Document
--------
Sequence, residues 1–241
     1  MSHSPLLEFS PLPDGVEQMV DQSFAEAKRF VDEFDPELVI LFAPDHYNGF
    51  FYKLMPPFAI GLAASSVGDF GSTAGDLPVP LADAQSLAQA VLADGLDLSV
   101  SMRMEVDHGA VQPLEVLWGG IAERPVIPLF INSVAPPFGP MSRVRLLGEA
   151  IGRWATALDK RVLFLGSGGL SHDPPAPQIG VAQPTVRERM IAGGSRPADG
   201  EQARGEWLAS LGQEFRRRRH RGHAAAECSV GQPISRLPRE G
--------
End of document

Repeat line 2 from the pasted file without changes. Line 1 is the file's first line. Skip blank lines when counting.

     1  MSHSPLLEFS PLPDGVEQMV DQSFAEAKRF VDEFDPELVI LFAPDHYNGF